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Conducting Surveys It takes awhile for you to reach the bottom, 18 meters down. At the base of the kelp, you notice a tangle of woody roots. Its called a holdfast. T is structure fi rmly anchors the kelp to the seafl oor. It’s time to get to work. Your fi rst task is to

identify some species living or growing in this area. Scientists call this a qualitative survey. You pull out a graphite stick attached to

the end of some surgical tubing. T is tubing is threaded through a hole in a synthetic plastic slate. You can write on the slate, and the water won’t wash away your marks. T is is how you will keep notes during your dive. You write down that you saw young bull

kelp growing up from the bottom here. You also remember to write about the gopher rockfi sh that was hunting smaller fi sh further up in the bull kelp forest.

Making Observations As you look around, you notice something out of place. A type of brown seaweed is growing among the bull kelp. T is seaweed is an invasive species. It’s native to Japan and China. If the species gains a foothold here, it might change the local ecosystem. You carefully record this in your notes. As you bend down to examine a clump of

the brown seaweed, something glides past your fi eld of view. You spin in the water and fi nd yourself face to face with a harbor seal. T e seal is curious. First it swims up close

to get a good look at you, staring into your facemask. T en it swims lower, playfully nipping at the tips of the fi ns on your feet. T e seal swims ahead, and you follow. T e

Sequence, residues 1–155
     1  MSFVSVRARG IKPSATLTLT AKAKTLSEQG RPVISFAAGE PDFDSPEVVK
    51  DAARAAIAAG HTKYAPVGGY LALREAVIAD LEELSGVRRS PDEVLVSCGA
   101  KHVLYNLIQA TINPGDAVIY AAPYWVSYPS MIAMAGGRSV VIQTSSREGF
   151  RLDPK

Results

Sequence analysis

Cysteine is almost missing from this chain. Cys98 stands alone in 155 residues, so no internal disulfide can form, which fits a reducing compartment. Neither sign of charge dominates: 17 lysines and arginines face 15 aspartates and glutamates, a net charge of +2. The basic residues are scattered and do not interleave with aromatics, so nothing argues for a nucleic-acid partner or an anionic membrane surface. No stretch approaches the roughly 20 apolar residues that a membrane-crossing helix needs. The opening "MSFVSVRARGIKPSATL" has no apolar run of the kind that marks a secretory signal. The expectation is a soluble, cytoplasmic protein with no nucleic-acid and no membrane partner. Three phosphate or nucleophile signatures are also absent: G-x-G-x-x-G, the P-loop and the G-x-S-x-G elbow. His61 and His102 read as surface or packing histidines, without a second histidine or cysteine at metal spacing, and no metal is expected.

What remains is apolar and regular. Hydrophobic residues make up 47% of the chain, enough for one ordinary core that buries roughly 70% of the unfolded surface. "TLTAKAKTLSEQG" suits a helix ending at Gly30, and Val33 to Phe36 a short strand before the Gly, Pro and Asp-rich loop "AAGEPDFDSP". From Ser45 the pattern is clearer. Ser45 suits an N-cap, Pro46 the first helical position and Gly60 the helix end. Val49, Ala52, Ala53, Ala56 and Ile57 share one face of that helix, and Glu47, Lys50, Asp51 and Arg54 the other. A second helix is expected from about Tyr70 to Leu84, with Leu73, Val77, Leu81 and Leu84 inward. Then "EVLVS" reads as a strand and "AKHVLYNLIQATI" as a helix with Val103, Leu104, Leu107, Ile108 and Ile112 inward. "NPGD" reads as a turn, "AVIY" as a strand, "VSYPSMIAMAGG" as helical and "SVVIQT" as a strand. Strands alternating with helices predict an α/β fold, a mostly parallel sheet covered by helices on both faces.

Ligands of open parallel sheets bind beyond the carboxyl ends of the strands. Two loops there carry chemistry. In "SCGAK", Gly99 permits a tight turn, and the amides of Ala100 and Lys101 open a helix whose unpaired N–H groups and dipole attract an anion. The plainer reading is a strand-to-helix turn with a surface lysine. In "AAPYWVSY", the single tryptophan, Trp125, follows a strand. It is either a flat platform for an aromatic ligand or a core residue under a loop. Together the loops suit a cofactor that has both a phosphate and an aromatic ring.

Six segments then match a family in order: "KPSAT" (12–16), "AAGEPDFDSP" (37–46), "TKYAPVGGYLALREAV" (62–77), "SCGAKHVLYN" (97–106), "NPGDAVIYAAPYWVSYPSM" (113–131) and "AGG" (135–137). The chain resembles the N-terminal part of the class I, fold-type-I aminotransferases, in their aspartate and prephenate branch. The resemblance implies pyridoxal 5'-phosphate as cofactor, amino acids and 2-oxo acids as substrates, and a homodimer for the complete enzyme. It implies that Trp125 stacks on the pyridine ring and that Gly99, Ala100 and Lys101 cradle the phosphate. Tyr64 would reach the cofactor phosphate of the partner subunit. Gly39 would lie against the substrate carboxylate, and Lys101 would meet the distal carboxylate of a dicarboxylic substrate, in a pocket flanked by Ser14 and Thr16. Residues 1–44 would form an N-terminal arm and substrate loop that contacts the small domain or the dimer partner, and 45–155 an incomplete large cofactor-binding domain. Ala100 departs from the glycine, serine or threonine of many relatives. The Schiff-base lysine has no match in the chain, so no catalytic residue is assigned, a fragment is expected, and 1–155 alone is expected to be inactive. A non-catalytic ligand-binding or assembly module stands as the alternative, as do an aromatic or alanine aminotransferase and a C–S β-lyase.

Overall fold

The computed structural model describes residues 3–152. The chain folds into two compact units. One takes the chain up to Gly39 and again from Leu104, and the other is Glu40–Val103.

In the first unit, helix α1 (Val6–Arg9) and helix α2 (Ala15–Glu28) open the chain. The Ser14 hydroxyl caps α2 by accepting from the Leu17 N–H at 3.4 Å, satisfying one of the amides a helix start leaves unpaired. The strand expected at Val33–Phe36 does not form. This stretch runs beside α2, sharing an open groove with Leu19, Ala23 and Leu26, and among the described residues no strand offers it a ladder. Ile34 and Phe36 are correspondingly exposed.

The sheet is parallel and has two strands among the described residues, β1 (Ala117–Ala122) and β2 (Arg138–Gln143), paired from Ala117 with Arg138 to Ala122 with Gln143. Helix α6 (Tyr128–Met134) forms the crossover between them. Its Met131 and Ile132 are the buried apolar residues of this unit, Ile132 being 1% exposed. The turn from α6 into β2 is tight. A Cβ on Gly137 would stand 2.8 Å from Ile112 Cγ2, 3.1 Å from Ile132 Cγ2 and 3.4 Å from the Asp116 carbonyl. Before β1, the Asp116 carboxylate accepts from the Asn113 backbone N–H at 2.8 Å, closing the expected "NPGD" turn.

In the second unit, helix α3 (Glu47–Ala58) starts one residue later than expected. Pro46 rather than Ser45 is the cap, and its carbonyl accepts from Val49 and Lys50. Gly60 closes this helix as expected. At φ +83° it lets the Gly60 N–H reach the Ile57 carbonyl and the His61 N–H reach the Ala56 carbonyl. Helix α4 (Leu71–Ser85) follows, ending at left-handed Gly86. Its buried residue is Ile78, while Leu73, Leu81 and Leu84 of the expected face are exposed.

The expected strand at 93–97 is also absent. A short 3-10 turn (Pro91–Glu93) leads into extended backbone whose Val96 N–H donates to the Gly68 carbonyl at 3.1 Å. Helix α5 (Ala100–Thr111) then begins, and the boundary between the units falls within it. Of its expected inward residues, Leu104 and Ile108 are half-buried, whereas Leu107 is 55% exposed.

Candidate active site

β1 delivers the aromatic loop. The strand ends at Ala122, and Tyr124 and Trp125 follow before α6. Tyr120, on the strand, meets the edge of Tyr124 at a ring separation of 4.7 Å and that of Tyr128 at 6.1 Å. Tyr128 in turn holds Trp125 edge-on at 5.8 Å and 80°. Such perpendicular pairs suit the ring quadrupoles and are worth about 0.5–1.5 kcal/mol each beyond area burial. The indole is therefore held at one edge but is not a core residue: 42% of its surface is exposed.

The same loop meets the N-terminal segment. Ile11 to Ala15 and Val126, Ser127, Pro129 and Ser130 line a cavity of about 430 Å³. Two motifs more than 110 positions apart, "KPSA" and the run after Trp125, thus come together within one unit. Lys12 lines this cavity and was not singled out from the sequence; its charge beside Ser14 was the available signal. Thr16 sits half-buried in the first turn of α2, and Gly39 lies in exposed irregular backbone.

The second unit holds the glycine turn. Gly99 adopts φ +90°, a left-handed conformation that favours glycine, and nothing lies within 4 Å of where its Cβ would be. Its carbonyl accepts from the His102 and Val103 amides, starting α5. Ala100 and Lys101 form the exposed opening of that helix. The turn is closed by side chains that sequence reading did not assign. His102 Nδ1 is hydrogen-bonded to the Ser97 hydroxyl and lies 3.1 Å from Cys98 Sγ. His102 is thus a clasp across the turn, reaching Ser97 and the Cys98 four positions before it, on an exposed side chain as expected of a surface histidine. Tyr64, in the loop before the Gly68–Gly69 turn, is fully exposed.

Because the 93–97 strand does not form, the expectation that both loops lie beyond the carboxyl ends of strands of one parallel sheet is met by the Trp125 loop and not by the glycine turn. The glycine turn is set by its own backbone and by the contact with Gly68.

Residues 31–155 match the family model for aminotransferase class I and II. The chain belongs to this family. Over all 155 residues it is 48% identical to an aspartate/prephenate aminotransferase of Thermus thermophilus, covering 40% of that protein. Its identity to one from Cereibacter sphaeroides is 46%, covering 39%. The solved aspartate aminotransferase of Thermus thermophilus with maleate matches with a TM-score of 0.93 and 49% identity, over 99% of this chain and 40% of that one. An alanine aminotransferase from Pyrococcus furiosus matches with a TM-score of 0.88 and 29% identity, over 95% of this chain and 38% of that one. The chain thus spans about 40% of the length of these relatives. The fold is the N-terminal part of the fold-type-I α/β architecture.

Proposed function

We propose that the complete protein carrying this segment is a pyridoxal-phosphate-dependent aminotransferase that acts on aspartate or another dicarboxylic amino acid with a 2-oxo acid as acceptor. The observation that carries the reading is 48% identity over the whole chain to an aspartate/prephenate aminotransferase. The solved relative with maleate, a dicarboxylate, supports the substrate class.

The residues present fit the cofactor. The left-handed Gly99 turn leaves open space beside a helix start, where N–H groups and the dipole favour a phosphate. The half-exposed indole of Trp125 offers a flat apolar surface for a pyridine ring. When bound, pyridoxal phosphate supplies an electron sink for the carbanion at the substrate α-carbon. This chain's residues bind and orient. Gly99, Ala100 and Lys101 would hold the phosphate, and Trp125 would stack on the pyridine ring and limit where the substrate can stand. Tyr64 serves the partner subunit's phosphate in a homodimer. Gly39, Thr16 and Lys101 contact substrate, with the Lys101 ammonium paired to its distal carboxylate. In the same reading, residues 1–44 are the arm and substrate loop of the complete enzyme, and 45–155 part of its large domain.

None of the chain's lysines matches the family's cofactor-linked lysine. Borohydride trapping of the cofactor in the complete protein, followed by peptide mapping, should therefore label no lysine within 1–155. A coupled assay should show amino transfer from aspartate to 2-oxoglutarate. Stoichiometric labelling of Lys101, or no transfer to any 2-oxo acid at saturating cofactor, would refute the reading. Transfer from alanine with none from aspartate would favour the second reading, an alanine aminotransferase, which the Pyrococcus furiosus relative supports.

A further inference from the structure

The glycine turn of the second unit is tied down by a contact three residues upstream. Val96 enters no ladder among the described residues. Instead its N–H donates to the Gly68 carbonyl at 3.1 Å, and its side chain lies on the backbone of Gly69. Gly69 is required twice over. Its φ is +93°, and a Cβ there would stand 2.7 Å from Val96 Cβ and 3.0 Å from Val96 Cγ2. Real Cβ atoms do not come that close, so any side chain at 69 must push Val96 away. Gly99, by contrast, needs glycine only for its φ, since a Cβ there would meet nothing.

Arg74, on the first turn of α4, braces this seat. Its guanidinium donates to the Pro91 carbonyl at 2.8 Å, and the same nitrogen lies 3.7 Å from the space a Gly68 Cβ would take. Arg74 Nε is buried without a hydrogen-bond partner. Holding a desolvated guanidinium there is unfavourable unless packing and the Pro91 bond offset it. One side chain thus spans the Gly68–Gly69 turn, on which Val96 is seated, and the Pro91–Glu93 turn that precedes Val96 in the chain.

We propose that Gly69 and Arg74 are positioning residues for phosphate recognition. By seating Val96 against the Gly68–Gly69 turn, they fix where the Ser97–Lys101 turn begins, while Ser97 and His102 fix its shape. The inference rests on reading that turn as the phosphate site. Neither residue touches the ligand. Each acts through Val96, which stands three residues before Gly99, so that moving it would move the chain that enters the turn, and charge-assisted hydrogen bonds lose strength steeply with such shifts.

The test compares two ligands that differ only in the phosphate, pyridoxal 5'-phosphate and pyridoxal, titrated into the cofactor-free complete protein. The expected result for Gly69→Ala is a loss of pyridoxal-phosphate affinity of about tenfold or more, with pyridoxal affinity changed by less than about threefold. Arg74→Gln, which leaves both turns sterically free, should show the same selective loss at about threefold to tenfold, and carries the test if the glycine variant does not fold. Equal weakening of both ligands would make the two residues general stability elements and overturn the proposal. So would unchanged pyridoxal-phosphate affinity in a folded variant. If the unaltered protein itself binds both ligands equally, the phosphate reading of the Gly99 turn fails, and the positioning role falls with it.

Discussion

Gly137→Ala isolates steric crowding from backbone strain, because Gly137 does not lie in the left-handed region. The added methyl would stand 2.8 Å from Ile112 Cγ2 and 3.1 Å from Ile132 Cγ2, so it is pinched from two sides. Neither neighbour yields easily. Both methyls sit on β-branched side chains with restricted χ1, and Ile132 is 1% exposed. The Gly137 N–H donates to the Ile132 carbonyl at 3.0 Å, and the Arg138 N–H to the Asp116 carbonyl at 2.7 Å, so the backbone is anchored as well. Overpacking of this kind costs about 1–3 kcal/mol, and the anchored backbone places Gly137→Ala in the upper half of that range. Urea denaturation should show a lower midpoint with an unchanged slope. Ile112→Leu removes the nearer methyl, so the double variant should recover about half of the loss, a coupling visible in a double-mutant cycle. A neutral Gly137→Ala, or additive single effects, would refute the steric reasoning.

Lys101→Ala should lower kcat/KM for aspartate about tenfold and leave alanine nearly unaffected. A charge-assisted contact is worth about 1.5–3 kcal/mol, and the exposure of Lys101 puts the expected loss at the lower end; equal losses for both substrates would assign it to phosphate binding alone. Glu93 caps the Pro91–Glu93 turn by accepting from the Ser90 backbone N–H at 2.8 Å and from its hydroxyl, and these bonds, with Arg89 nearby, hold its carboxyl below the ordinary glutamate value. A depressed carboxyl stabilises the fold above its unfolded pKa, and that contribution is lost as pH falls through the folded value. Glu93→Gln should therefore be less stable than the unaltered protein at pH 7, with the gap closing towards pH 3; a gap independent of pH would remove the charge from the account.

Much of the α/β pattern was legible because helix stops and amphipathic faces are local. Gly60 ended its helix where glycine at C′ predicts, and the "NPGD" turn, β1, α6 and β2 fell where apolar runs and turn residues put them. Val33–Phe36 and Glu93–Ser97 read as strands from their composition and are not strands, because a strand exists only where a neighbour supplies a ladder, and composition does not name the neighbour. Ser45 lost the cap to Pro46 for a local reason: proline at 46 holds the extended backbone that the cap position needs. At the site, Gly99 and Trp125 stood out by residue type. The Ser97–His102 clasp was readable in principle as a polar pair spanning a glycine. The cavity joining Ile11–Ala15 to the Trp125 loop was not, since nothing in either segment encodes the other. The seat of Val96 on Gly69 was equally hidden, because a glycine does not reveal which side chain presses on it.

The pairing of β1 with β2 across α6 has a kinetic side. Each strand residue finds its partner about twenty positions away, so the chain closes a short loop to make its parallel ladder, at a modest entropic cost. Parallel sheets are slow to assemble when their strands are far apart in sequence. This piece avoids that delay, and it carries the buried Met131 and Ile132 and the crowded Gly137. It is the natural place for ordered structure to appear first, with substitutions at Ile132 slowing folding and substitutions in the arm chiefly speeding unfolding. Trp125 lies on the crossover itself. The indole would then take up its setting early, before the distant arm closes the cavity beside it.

bull kelp forest thins out. Taking its place is a diff erent species, a grove of giant kelp. You point toward the giant kelp and swim that way. Your partner nods and follows.

Swimming with Giants As you approach the giant kelp, you see how diff erent it is from bull kelp. Giant kelp needs more space to grow. Swimming here is like fl ying through a forest on land. A few tubes jut out from the base of each plant. Tiny, gas-fi lled fl oats support the tubes all the way to the ocean’s surface. Hundreds of blades that look like leaves stick out from the tubes in every direction. Giant kelp grows

very quickly—sometimes a third of a meter in one

day! It lives for many years. T is

makes it a perennial. Bull kelp is diff erent. It only grows for

The holdfast of giant kelp keeps it anchored to the ocean fl oor.


one year. T en it dies. It is called an annual. But both types of kelp absorb carbon dioxide, just like land-based forests. T ey use photosynthesis to change carbon dioxide into energy for growth. And they produce much of the oxygen we need to breathe.

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